woman exercising in pain

Exercise for PCOS: “How I learned to work out with polycystic ovary syndrome”

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Writer Katie Baskerville was diagnosed with PCOS (polycystic ovary syndrome) but learned how exercise could help her deal with symptoms such as bloating, inflammation and fatigue. 

In the UK, 1 in 10 women has Polycystic Ovaries Syndrome (PCOS), a condition affecting the ovaries in people assigned female at birth. From bloating and inflammation, to weight gain and fatigue – symptoms that can make exercise feel stressful.

It’s a catch twenty-two for many PCOS sufferers when it comes to working out. Exercise helps alleviate symptoms, but sufferers are often demotivated by flare-ups. The effects on mental health can be profoundly inhibiting too.

My journey with PCOS has been gruelling, to say the least. When I came off hormonal contraceptives in my mid-twenties, I began experiencing mild PCOS symptoms such as bloating, weight gain and joint pain. I found myself sapped of energy or tentatively caring for swollen joints. My friends and doctor would nod knowingly at me as I complained about my periods and sore joints, but I was never diagnosed. 

I knew that my body was suffering but it wasn’t until year later, in 2019, that I suffered a miscarriage and was finally diagnosed with having PCOS.

Difficult as it was, I was relieved to finally know what had been affecting my health. It took a moment to catch my breath but eventually, I found the strength to make life changes and began researching how I could better my lifestyle to counteract my symptoms.

I learned that for people with PCOS, having balance is everything. Ultimately, it’s about knowing when to move, how to be gentle and prioritising recovery and relaxation. Most importantly, that there’s no one-size-fits-all treatment for someone with PCOS.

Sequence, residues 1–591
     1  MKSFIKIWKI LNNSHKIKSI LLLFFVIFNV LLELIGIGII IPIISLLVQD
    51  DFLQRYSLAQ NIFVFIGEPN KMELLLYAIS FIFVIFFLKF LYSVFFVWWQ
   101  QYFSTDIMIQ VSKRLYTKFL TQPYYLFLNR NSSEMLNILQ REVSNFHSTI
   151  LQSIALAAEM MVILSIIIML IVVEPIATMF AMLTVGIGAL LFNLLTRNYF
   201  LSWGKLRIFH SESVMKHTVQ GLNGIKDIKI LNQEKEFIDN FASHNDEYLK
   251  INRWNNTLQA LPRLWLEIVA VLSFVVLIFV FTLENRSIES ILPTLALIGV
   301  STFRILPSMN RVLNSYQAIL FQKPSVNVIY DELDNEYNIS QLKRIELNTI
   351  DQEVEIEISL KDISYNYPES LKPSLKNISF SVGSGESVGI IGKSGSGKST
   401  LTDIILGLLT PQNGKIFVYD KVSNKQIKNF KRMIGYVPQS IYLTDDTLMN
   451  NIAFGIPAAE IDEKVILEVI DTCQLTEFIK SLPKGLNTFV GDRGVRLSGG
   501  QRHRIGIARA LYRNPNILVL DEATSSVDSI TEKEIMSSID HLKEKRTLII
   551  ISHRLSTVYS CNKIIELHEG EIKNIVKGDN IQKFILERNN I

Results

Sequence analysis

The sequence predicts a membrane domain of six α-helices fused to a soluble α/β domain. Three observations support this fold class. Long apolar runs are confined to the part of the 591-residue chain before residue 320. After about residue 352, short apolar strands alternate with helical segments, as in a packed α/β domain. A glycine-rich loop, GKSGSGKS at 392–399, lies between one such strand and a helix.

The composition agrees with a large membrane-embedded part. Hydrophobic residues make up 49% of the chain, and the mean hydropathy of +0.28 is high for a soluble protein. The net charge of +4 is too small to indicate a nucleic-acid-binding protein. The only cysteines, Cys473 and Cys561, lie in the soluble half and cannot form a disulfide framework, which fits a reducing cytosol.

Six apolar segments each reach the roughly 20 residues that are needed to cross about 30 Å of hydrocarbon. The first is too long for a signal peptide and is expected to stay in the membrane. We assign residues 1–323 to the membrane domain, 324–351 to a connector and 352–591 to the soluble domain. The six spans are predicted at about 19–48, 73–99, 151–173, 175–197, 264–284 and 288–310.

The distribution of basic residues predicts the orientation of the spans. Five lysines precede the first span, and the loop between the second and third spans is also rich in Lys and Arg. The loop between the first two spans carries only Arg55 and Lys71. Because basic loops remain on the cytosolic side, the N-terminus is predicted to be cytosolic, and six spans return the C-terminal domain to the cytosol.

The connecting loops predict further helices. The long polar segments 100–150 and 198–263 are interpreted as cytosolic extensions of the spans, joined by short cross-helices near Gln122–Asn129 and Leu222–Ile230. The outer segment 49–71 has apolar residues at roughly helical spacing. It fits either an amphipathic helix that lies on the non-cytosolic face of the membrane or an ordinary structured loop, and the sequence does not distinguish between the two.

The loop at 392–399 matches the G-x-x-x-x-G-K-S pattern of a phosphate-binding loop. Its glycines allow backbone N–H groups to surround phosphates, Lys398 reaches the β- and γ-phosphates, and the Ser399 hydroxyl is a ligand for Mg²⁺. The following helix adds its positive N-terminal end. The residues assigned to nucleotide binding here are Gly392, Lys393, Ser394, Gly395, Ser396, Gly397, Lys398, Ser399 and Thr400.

“A mindful balance of mind and body, with a focus on breathing, is known to reduce the cortisol levels associated with stress, anxiety and depression,” says Claire Sparrow, pilates teacher trainer and pelvic health specialist.

Stress is a body-function disrupter. The brain, smart as it is, can’t tell the difference between physical stress and emotional stress. The adrenal gland goes into overdrive and keeps you in survival mode, which exacerbates internal inflammation, inhibits the immune system and can even damage brain cells. Medically this is known as ‘sympathetic state’, something Claire warns me about.

“Getting stuck in a sympathetic state is known to affect fertility, sleep, digestion, blood pressure and inflammation – so anything you can do to avoid this and be in your parasympathetic nervous system instead will give you a greater chance of reducing PCOS symptoms.”

Dr Kinza Younas, gynaecologist and reproductive medicine and fertility specialist, notes how important it is to focus exercise efforts around the central area. Having excessive weight around the core can disturb hormones and increase the risk of ‘Unopposed Estrogen Effect’.

“In PCOS, the hormones are disturbed. These disturbances increase the risk of diabetes, high cholesterol and heart disease. The condition also affects the metabolism of glucose. If not managed with a balanced diet and exercise, it can lead to a metabolic syndrome.”

To combat this, Dr Kinza recommends building stamina to increase strength and intensity. “It takes regular effort daily”, Dr Kinza tells me, “and the effort needs to be sustainable. Start slowly with 15 minutes of exercise and build up to 30 minutes.”